The Inside Word
In the business of relationships
Xin Nian Kuai Le – Happy New Year! Last night, SAS Group China Director Victoria Qiu and I had the pleasure of being guests at Chinese New Year celebrations hosted by Dr Ruan Zongze Consul-General of the People’s Republic of China in Brisbane. The event hosted 400 Chinese community and business leaders, the Queensland Governor, the Deputy Premier, many state and local political representatives.
The Chinese Lunar New Year starts on Saturday the 10th of February and will be celebrated for at least the next week. The Chinese zodiac sign for the year is the Dragon, a creature with energy, intelligence, ambition and luck.
I am sure these are the traits that Anthony Albanese and Jim Chalmers are hoping Australians focus on over the year ahead, rather than last year’s challenges in the Year of the Rabbit.
The Prime Minister will be hoping the breach of his word, his bond with Australians, over the Stage III tax cuts will been seen as the intelligent thing to do, delivered with energy, focusing on the ambition of Australians to have a few more dollars in their pockets, all wrapped up with a dose of good luck. And because of these reasons, I think the Government will get away with it, ‘this time’.
We won’t have to wait for long to find out if this is correct. The by-election on Saturday the 2nd of March will be a test as to whether voters accept the Prime Minister’s Year of the Dragon charms, or not.
The Coalition will end up supporting the revised tax package (though will try for some changes). This will negate the Greens who have already called to further increase our nation’s burgeoning welfare bill (which by-the-way is a burden increasingly falling on those people most hurt by the Stage III broken promise). Peter Dutton finds himself in a hard spot but needs to plot a path through these changes that allows him to hold on to some credit for delivering tax relief to most Australians at the same time as encouraging the aspirational in our nation.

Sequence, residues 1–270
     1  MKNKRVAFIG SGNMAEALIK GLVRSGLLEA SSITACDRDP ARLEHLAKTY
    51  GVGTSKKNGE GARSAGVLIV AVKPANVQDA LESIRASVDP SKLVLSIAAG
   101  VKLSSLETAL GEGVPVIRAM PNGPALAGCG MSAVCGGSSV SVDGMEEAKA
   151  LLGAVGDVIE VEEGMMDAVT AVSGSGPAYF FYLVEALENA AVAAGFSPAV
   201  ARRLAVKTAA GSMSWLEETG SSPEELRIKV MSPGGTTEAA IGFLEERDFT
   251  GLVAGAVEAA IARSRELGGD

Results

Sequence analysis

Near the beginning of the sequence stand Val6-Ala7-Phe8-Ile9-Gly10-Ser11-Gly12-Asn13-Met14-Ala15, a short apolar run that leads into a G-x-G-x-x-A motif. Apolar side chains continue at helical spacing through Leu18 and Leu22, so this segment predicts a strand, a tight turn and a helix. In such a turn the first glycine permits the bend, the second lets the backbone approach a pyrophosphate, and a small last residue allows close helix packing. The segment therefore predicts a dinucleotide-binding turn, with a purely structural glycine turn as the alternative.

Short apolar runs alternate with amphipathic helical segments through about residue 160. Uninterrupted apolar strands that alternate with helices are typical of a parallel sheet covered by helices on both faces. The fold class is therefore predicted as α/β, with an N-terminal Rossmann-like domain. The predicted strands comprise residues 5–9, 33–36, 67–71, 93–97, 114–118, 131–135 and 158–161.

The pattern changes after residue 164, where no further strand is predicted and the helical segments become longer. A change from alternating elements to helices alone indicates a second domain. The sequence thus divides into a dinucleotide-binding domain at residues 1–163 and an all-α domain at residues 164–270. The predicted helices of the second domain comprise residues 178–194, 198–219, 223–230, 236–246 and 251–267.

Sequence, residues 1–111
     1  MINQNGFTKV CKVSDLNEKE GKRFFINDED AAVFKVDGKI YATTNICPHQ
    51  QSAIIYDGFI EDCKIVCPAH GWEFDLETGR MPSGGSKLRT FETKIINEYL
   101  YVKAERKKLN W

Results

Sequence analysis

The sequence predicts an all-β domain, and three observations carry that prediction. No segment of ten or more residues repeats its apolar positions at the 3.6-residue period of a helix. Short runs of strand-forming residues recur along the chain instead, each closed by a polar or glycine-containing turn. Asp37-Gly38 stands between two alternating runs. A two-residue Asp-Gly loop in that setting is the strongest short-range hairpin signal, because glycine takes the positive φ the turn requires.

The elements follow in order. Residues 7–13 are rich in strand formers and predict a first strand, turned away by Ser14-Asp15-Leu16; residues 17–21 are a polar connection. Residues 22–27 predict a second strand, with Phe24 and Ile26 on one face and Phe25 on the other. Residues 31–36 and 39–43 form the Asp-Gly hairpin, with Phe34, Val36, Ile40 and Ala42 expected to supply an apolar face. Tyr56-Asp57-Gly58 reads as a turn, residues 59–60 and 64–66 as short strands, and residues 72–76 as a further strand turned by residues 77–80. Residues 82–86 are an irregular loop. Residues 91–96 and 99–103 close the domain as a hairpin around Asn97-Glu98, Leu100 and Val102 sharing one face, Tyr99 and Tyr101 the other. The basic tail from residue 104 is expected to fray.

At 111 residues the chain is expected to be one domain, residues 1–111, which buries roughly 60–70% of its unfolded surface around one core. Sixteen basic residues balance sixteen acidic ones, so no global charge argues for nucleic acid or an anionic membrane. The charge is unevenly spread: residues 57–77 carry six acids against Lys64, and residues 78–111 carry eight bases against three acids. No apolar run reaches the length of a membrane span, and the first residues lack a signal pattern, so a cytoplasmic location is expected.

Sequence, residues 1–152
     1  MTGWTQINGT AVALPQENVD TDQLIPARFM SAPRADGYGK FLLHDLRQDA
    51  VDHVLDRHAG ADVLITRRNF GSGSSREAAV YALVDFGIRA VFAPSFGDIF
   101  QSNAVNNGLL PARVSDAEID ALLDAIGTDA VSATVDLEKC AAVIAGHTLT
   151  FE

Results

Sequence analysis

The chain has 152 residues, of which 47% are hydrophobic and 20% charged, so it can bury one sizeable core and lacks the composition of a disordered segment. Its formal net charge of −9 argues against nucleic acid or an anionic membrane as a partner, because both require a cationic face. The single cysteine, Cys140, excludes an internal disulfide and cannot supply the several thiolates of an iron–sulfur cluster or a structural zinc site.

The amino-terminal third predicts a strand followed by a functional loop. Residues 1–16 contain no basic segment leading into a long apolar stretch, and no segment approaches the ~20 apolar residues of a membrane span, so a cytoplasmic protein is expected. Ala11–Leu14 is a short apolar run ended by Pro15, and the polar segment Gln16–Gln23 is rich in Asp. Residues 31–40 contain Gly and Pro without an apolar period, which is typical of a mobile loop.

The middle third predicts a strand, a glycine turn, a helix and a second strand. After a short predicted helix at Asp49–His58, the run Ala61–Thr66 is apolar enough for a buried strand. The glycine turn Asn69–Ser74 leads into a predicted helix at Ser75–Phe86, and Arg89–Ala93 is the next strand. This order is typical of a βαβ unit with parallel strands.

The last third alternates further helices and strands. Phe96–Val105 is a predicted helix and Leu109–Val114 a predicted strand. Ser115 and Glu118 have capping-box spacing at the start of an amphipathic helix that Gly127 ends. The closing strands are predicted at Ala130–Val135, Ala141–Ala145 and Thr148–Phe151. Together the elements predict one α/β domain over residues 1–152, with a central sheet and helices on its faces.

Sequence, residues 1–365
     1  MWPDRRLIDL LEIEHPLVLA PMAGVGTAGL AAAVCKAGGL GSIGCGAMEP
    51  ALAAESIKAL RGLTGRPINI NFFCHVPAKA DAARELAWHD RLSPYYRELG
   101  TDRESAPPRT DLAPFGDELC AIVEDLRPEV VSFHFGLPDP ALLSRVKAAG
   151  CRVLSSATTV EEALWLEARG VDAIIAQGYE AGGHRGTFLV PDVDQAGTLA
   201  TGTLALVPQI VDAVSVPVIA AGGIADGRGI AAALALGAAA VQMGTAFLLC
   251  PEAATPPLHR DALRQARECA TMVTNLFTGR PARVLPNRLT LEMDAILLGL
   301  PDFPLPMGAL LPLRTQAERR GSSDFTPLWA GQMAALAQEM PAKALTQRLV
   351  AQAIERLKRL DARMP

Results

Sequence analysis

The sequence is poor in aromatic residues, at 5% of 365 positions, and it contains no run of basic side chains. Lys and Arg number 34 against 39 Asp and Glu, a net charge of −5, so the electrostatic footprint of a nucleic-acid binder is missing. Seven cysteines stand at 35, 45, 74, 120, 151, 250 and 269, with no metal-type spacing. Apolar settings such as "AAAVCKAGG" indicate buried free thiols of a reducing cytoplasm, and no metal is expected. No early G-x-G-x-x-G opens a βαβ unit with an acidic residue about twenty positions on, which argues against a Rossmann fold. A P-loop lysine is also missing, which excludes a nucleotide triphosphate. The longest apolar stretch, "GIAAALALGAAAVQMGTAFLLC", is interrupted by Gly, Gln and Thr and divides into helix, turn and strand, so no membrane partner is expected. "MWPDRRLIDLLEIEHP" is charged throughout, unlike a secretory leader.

So, why did I mention ‘this time’? Buoyed by the positive public reaction to the proposed new tax changes, we are already hearing about revisiting Bill Shorten’s 2019 election policies attacking negative gearing and family trusts. Whilst only speculation, where there is smoke there is usually fire. Whether it being taxation or other key policy areas, the Government will need to be very careful about anymore broken promises and breaches of trust with the public.
Building trust is a cumulative process, which normally occurs gradually over time. Destroying trust does not. If the goodwill, the relationship, or in this case the financial incentive, is enough, Australians are likely to give you the benefit of the doubt. But when the tipping point comes, the precipice is usually very steep and the fall is very fast.